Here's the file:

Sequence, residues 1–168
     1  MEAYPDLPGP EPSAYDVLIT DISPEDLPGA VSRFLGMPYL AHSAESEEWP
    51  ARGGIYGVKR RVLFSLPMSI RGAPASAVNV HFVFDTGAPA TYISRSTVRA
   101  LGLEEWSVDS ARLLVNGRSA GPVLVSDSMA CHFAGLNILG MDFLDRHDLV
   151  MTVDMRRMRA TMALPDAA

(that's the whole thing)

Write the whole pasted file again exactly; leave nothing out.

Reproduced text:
Sequence, residues 1–168
     1  MEAYPDLPGP EPSAYDVLIT DISPEDLPGA VSRFLGMPYL AHSAESEEWP
    51  ARGGIYGVKR RVLFSLPMSI RGAPASAVNV HFVFDTGAPA TYISRSTVRA
   101  LGLEEWSVDS ARLLVNGRSA GPVLVSDSMA CHFAGLNILG MDFLDRHDLV
   151  MTVDMRRMRA TMALPDAA